"Ludvig Holberg, Baron of Holberg (3 December 1684 – 28 January 1754) was a writer, essayist, philosopher, historian and playwright born in Bergen, Norway, during the time of the Dano-Norwegian dual monarchy. He was influenced by Humanism, the Enlightenment and the Baroque. Holberg is considered the founder of modern Danish and Norwegian literature, and is best known for the comedies he wrote in 1722–1723 for the Lille Grønnegade Theatre in Copenhagen. Holberg's works about natural and common law were widely read by many Danish law students over two hundred years, from 1736 to 1936.
Holberg was the youngest of six brothers. His father, Christian Nielsen Holberg, died before Ludvig was one year old. He was educated in Copenhagen, and was a teacher at the University of Copenhagen for many years. At the same time, he started his successful career as an author, writing the first of a series of comedies.
He began to study theology at the University of Copenhagen and later taught himself law, history and language. He was not particularly interested in theology as a career, settling for an attestats (similar to a Bachelor's degree today), which gave him the right to work as a priest; he did not attempt a baccalaureus, magister or doctorate in the subject, nor did he follow a career as a theology professor, priest, or bishop. In Holberg's youth, it was common to study theology and specialize according to one's degree, for example in Greek, Latin, philosophy or history. For the purpose of becoming a lawyer, it was normal to study abroad. In 1736 the Danish Lawyer degree was established at the University of Copenhagen, a degree which continued to be granted for 200 years, and for which Holberg's writings remained common reading material throughout this time. Holberg was formally appointed assistant professor after having first worked as one without pay. He had to accept the first available position, which was teaching metaphysics. Later, he became a professor and taught rhetoric and Latin. Finally, he was given a professorship in the subject which he prized most and was most productive in, history.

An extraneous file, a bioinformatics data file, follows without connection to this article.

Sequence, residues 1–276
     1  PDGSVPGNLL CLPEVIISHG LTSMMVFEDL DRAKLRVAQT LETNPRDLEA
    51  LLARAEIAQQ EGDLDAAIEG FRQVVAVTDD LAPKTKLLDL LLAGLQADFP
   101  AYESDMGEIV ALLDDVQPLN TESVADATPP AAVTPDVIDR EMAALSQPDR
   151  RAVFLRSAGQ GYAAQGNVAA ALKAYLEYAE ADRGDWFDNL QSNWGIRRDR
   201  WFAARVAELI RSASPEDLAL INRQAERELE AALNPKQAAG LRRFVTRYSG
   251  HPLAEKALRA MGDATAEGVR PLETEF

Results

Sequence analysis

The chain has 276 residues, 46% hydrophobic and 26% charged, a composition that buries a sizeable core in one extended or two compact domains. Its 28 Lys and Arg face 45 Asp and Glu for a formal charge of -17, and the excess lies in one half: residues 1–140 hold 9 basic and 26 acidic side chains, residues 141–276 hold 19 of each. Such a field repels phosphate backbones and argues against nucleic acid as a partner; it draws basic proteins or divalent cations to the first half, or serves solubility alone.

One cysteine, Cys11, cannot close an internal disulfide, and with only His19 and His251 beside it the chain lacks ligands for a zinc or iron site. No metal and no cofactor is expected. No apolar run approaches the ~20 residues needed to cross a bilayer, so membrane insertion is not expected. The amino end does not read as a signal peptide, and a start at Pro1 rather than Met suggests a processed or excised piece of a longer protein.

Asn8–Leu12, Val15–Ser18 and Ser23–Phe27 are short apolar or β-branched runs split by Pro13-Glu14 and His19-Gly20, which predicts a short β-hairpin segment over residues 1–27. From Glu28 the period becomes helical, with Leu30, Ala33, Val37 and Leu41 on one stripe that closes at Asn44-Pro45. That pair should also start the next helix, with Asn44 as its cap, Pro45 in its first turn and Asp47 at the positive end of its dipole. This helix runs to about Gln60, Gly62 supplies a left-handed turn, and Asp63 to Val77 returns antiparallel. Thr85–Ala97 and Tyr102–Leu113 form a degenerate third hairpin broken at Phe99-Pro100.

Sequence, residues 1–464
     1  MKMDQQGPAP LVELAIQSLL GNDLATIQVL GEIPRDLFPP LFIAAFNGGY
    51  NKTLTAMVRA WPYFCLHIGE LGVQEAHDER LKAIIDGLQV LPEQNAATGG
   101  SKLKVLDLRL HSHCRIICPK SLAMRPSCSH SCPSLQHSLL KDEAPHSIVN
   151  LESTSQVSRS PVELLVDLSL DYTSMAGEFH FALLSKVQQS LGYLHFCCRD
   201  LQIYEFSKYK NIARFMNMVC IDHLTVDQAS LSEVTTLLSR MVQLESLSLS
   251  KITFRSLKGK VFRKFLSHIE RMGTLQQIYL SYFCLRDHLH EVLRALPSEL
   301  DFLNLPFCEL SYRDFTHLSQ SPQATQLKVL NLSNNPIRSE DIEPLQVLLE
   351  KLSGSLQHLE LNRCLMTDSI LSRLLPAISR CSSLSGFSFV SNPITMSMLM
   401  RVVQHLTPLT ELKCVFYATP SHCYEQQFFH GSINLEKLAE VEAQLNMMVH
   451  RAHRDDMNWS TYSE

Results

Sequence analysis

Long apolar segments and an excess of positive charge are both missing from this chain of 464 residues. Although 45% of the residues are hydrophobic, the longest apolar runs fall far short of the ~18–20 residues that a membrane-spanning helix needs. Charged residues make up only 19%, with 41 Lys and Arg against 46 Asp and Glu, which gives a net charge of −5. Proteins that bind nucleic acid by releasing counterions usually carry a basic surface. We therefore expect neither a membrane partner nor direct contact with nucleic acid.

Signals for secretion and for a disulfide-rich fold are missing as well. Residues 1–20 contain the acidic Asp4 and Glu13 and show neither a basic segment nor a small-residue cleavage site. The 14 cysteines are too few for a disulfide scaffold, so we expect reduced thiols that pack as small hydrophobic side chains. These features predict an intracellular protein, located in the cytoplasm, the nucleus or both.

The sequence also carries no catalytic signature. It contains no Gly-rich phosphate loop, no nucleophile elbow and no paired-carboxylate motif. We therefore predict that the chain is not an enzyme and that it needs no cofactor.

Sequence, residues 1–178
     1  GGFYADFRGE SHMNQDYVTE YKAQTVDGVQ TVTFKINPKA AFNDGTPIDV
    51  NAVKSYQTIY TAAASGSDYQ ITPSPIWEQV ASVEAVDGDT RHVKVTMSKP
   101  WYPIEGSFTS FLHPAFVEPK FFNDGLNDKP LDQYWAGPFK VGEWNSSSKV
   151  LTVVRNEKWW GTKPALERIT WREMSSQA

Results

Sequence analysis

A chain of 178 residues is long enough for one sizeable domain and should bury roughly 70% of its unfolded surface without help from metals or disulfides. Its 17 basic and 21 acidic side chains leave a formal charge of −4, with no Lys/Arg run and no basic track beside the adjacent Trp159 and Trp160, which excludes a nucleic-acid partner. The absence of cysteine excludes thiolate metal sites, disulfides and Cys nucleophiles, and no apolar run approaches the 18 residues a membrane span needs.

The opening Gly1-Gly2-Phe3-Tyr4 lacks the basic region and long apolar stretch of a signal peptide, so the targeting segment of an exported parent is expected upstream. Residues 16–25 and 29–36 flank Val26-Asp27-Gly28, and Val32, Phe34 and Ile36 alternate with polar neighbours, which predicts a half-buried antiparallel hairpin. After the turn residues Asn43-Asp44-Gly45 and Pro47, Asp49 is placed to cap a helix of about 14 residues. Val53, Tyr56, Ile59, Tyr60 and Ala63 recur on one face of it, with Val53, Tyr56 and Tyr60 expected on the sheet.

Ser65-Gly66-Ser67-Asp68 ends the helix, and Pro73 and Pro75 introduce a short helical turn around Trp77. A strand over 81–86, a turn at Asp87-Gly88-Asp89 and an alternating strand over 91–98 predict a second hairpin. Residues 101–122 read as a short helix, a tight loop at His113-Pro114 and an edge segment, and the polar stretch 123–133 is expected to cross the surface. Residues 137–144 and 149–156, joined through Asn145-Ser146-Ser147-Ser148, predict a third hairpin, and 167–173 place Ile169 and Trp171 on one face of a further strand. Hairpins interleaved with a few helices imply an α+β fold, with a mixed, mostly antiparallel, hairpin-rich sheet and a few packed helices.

Holberg was well-educated and well-traveled. In his adolescence, he visited large cities in countries such as The Netherlands and France, and lived for a short period of time in Rome; and for a longer period of time in Oxford, England (1706–1708), which was rare during that time as intellectual life was centered in continental Europe. He was not formally admitted to Oxford University, but spent his time there using the libraries and participating in Latin discussions with the English students." .
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